I did a lot to this one I'm not proud of.....hacksawing the backplane out for full ATX, hacksawing the drive cage so my PIII CPU would fit with it's thermal unit, repainting the control panel black and the drives black to mimic the "Compaq Deskpro" or "IBM XT" Color scheme. It had every kind of tape you could imagine (and lots of solder) and not one short anywhere. This computer case LIVED, it had been a 386 DX-20, 486 DX/2 66, 486 DX/5133 (AMD PR75 133), a P75, a P120, a P233MMX, a Celeron 500, a PIII 667, and a PIII 1GHz.

I've been looking to get my hands on another one (to keep stock) to move my 486 guts into for years, seems the well has dried up.
 

bobba84

Veteran Member
Joined
Jan 6, 2014
Messages
560
Location
Melbourne, Australia
I especially like (not) using the electrical tape.

My pet hate is cable ties! The ziplock type. They pull so tight they ruin the cables, and you cause more damage getting them off.

I also am guilty of butchering a few old cases to make things fit (An Olivetti 286 I had got a 5.25 drive bay where there wasn't one)
 

Chuck(G)

25k Member
Joined
Jan 11, 2007
Messages
39,125
Location
Pacific Northwest, USA
Someone's using the wrong type of ties--the size must match the size of cable being tied. I like to use the small Panduit ties with the attached flags. This allows the insertion of the flag end into a convenient chassis hole. There's little problem getting them off a bundle--a small screwdriver will do it without damaging wires.

I've also used spiral-cut loom for cables when I want a lot of protection.

If you want a very neat look, there's always cable lacing using either waxed linen lacing twine or modern polyester stuff. It's still very much in use today and gives your wire bundles a very clean look. Tutorials abound on the web.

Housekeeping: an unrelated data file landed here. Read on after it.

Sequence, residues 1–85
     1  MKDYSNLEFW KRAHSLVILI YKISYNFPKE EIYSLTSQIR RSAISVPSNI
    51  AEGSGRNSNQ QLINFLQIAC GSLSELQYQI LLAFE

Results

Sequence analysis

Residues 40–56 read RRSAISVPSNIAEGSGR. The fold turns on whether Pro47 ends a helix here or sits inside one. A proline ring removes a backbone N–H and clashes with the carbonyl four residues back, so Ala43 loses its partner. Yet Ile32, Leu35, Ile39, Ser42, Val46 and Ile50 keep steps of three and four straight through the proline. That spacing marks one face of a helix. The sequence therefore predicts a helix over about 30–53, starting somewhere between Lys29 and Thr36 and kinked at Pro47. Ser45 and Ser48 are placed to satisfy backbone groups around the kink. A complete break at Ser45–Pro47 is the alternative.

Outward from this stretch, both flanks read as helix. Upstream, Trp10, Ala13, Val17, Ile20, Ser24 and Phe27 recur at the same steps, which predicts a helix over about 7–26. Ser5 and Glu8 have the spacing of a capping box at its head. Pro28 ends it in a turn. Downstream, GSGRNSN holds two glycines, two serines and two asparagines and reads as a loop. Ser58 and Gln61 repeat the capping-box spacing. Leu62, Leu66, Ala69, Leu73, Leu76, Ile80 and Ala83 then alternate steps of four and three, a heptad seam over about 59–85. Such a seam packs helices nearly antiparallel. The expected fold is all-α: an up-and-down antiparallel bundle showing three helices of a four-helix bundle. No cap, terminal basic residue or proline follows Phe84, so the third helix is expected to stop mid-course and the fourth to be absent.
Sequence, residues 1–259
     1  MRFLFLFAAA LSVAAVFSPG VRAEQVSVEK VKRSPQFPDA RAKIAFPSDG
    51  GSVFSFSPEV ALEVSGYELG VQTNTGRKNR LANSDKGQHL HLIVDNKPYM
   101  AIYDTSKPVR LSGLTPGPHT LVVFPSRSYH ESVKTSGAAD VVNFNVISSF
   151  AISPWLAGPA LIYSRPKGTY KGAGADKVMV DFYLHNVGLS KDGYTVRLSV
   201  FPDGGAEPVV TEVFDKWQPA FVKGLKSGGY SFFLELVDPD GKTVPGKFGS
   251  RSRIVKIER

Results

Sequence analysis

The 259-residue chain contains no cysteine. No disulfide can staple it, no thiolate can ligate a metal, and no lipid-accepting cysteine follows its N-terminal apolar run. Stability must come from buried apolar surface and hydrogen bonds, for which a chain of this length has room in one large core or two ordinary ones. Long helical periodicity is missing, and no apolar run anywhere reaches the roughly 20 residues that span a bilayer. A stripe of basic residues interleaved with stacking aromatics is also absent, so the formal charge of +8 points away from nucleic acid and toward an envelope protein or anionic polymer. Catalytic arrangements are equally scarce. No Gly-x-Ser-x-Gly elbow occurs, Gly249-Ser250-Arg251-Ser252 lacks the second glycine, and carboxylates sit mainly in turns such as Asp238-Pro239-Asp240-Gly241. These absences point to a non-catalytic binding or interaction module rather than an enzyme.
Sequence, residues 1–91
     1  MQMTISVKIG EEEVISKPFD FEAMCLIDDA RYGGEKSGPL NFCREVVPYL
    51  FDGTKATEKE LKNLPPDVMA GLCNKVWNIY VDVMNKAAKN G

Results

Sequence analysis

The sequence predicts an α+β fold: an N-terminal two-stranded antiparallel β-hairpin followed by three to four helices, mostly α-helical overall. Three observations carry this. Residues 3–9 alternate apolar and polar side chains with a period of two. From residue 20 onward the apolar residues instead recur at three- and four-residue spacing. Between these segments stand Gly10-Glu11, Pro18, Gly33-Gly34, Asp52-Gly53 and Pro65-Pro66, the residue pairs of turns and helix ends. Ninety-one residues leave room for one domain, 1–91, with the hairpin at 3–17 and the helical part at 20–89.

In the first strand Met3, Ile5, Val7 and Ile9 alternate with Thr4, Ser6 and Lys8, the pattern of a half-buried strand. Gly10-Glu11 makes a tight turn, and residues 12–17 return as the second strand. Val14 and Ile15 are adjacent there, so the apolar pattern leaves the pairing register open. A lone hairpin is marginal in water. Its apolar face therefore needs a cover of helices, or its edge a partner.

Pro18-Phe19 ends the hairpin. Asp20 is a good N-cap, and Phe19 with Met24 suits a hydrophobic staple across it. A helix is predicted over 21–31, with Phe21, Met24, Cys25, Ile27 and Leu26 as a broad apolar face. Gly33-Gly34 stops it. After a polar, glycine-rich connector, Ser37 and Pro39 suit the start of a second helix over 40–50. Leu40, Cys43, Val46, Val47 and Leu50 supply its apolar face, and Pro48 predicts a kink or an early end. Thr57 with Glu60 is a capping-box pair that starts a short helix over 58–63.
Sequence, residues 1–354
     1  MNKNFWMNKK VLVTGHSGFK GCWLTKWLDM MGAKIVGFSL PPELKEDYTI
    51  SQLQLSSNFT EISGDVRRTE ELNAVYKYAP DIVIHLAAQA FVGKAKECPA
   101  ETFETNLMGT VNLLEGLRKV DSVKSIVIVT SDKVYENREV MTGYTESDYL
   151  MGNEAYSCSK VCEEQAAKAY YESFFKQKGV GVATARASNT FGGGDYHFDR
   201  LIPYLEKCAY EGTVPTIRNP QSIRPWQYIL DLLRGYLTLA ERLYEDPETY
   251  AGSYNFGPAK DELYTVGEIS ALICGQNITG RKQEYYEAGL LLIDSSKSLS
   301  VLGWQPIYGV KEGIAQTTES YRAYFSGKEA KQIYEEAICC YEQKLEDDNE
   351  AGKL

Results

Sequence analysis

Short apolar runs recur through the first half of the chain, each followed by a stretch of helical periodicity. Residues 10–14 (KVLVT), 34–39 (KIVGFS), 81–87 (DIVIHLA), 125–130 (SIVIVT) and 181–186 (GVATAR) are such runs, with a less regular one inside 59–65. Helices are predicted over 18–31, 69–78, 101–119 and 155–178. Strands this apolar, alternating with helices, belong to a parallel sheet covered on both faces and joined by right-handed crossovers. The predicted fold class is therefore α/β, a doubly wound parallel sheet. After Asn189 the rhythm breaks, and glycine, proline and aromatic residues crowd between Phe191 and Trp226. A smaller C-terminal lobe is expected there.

3pcedev

Veteran Member
Joined
Jun 8, 2014
Messages
730
Location
Australia
Haha I am also guilty of using sticky labels as insulation tape. In my defense I was around 13 years old at the time and like all teenagers I had very few dollars to my name. I do have to admit this actually lasted 20 years without shorting! Totally forgot I did it until I opened the PC up recently.

IMG_20141231_124945.jpg

and yes I have since insulated it with heatshrink.
 

deathshadow

Veteran Member
Joined
Jan 4, 2011
Messages
1,357
I think we've all done it in one way or another; I've done some serious ghetto stuff along the way... like instead of paying for ramsinks aftermarket for a Radeon 9500 pro, I made my own with a dremel, arctic silver epoxy and pre-1982 pennies.

Probably the worst thing I ever did was to a TRS-80 model III. Someone gave me some oddball two-thirds height 80 track DD drives, that were almost an exact fit in the model 3 case once I cut the part of the bezel between the two full-height drives out (where the logo/badge usually is), removed like a third of the copper framework internally and gave it four coats of black and two coats of lac. It looked good, but I still feel guilty about having done it on some level.

Next closest would probably have been some of the stuff I had done to my original coco back in the day, which had a slew of bat-handle toggle switches sticking out of it for things like inverse video, execution suspension, switching between RF and composite output, etc, etc... I had also made my own version of the multi-pack and cut the top off the case to have it just kind-of sitting there on top of it.

In a way though, I kind-of wish I had both rigs still instead of having pitched them in the early 90's just because they were unique examples of what we were really doing with the systems at the time.

I keep thinking on giving my current Coco 1 with it's cherry picked parts a similar treatment, then talk myself out of it. Maybe someday if I find one of the all-black plastic ones to sandblast and grain-finish as a starting point then I'll do it.